compressibility factor was plotted as a function of the acentric factor. Most of the points fell on smooth curves (and usually on straight lines) within a few tenths of 1 5 , . The largest deviation of experimentally well established points is about The highly polar H?O and XH3 are excepted from this agreement, of course. Two typical sets of these curves are shown in Figs. 1 and 2 which are for P r 1.6 and 3.0, respectively, and the various values of T , indicated. Several sets of substances have nearly equal values of the confining factor. I n order to avoid undue confusion in Figs. 1 and 2, single points are shown for each set as indicated a t the bottom of the figure. The agreement of the individual substances within each set is excellent. For the data in Figs. 1 and 2, the average deviation is between 0.1 and 0.2%. Figure 1 shows very clearly one advantage of the present system over that of Meissner and Seferian.j Any attempt to include such highly polar substances as water and ammonia in a three parameter system will necessarily lead to deviations such as are shown by the open circles in Fig. 1. If such highly polar substances are to be included, a fourth parameter will be necessary for an accurate correlation. The compressibility factor is expressed generally as a function of three variables. ( P V l R T ) = z( r,, P,, w) (2) The functional dependence on temperature and pressure is very complicated. Indeed this coxnplexity has retarded advances in this field very considerably. No simple analytical equation is adequate. The eight constant BenedicP equation is the simplest one which even approaches the desired accuracy. SI-hile we expect to examine completely analytical representations further, for the present we will expand the compressibility factor function as a power series in the acentric factor

3 =

z(0)

+ u ~ ( l l+

, , ,

(3)

of reduced temperature and pressure for the substances listed in Table I . The region T , from 0.S to 4.0 and P, from 0 to 9 was selected for detailed study. This region includes the interesting behavior near the critical point and covers the area of greatest practical interest. Outside of this region the available data become too sparse to give a good test of our theory. Indeed the data are relatively sparse above P,= 3 and T , = 2. For each point in a closely spaced matrix of values of P, and T,, the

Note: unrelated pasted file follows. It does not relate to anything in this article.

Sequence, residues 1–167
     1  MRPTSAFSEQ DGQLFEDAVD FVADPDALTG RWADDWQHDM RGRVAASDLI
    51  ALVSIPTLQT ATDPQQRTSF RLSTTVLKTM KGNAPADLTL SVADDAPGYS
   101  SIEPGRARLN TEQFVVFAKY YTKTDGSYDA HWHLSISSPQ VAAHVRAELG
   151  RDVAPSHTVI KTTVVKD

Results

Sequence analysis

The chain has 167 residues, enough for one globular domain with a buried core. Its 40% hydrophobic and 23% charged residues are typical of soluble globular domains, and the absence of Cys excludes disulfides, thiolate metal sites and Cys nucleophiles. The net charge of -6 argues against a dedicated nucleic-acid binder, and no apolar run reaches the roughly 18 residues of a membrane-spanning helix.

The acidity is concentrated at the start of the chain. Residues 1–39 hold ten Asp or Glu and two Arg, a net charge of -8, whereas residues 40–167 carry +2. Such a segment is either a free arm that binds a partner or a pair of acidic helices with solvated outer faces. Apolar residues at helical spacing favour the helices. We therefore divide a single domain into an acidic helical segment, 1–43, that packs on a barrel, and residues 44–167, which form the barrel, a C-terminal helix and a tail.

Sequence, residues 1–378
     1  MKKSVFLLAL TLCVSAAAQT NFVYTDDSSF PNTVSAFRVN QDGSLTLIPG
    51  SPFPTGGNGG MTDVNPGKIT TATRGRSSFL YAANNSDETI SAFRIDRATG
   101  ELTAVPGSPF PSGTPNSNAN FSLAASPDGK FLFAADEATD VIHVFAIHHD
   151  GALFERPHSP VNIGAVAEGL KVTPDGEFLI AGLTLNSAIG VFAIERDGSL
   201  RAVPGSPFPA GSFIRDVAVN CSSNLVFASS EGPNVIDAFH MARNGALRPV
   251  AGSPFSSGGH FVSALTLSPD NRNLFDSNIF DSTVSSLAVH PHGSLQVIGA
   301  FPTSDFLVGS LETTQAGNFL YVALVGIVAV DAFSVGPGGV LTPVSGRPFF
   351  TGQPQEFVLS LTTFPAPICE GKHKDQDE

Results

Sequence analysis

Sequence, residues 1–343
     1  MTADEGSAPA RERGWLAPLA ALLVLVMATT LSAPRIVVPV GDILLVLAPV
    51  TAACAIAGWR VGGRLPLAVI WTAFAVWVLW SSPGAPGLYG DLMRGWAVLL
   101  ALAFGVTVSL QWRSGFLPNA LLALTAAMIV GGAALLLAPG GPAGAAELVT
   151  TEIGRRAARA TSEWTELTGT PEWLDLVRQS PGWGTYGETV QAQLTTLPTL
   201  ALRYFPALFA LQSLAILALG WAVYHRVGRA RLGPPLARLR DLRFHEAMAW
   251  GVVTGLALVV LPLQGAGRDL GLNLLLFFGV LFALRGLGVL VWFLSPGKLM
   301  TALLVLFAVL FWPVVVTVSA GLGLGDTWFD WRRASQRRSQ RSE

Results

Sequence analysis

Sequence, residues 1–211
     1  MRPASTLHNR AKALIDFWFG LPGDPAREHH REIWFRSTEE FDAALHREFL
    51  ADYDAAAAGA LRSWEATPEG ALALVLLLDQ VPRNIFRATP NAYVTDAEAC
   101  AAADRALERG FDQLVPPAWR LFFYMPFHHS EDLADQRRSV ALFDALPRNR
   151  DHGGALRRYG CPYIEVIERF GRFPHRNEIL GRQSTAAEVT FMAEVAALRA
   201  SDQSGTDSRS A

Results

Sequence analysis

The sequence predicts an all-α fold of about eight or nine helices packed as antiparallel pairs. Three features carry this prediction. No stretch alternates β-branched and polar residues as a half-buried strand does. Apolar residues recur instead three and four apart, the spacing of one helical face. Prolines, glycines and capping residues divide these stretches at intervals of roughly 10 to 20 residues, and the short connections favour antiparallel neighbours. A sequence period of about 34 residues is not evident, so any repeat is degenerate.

where d o )d , l , etc., are each functions of T, and P,. In almost all regions the first two terms in equation 3 are sufficient. This result corresponds to the straight lines in Figs. 1 and 2. iln attempt was made to evaluate the quadratic term d 2 )for the small region in which it appeared to be significant. While there was no difficulty a t any particular value of T , and P,(such as T, = 1.10 in Fig. l ) , the resulting values of z ( ? ) showed such irregular behavior as functions of Tr and P , that there arose considerable doubt as to their validity. Consequently, no values of d2are reported a t this time, and the data in regions of apparent curvature are fitted with the best straight lines. The values of z(l) were plotted as functions of T, and P,and were adjusted within the limits of experimental error to yield a reasonably smooth function. The values of z(O) were initially much more accurate than those of z ( l and were found t o be smooth functions of temperature and pressure without further adjustment. However, large graphs